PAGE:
Screw-retained implant restorations require management of the screw-access hole closure to ensure proper occlusal anatomy, prevent microleakage and bacterial infiltration, and establish ideal function and esthetics.22 Although beneficial in terms of avoiding the negative sequelae associated with intraorally cemented restorations, screw-retained implant restorations are typically challenging and demanding. However, screw-retained restorations are often favored based on retrievability.20
Over the past few years, hybrid implant abutment/restorations that combine an abutment with a crown have increasingly been used (Figure 16). The abutment aspect of a “screwmentable” component can be a stock abutment, prefabricated abutment, or custom abutment. This unit can then be cemented extraorally onto a base using an adhesive (Figure 17), after which the “screwmentable” abutment/crown complex can be screwed onto the implant (Figure 18). This eliminates the need for removing excess cement intraorally, reducing the likelihood of cement contamination to the peri-implant tissues that has been shown to cause peri-implant diseases.7,13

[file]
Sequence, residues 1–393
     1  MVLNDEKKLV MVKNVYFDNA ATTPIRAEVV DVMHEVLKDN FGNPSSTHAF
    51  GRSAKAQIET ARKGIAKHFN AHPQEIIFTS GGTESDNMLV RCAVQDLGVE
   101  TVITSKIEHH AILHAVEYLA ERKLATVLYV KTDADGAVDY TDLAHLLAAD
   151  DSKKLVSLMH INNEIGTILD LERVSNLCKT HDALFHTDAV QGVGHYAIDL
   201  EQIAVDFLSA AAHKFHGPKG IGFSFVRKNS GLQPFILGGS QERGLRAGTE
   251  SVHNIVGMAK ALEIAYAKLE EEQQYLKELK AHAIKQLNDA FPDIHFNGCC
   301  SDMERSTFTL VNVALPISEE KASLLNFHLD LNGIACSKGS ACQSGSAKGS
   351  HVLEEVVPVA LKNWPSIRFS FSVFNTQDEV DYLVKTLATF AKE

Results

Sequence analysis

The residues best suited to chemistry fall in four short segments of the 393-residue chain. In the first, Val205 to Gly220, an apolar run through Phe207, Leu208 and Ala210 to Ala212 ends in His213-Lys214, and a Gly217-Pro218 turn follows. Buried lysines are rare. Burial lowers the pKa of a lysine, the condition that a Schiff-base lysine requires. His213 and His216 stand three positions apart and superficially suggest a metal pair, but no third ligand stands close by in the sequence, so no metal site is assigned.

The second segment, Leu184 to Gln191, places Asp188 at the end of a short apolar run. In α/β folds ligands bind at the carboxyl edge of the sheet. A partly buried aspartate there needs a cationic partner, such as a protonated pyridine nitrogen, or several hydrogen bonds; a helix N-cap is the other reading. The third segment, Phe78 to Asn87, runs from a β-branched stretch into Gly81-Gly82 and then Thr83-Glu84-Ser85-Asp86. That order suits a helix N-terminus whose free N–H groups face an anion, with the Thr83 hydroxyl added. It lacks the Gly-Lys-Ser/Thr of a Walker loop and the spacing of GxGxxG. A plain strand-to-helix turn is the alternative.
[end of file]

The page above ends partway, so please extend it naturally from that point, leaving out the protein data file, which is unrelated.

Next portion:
A benefit of “screwmentable” abutment/restorations is preparation margin placement at the gingival level. This geometry integrates well with the restoration and makes removal of excess cement easy.7 With “screwmentable” abutment/restorations, margin placement is less of a concern, because the two components are cemented extraorally, then screwed into place.
The design of this “screwmentable” abutment/restoration, however, necessitates specific location/angulation requirements, including opening of the screw-access hole away from contact points and/or occlusal function. The screw-access hole can then be filled with a composite material.
In its most simplistic form, the protocol for creating a “screwmentable” implant abutment/restoration involves the following sequence of steps: First, the correctly sized, predictable healing abutment (Figure 19 and Figure 20) is selected, and then an implant impression taken. The appropriate abutment (eg, prefabricated or custom) is then obtained (Figure 21). Gold-hue titanium and zirconia abutments produce less peri-implant soft-tissue color differences compared to the soft tissue around natural teeth than titanium or metal abutments.23 The clinician then works with the laboratory for the fabrication of the restoration, with the access holes occluded (Figure 22). Then, outside of the mouth, self-adhesive resin cement is used to connect the restoration to the abutment. Any excess cement must be thoroughly cleaned from the margin area with the unit outside of the mouth (Figure 23 and Figure 24). The abutment/restoration is screwed into place using either a screw wrench or torque wrench at the proper torque setting (Figure 25 and Figure 26), and, finally, the access hole is filled with composite (Figure 27 and Figure 28).